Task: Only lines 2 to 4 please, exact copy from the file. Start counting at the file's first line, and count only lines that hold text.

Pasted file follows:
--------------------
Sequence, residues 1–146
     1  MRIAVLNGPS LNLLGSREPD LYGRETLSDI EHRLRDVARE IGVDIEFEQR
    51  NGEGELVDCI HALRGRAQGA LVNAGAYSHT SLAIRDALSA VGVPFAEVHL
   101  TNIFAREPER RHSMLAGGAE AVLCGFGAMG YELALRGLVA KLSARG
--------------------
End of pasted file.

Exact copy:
     1  MRIAVLNGPS LNLLGSREPD LYGRETLSDI EHRLRDVARE IGVDIEFEQR
    51  NGEGELVDCI HALRGRAQGA LVNAGAYSHT SLAIRDALSA VGVPFAEVHL
   101  TNIFAREPER RHSMLAGGAE AVLCGFGAMG YELALRGLVA KLSARG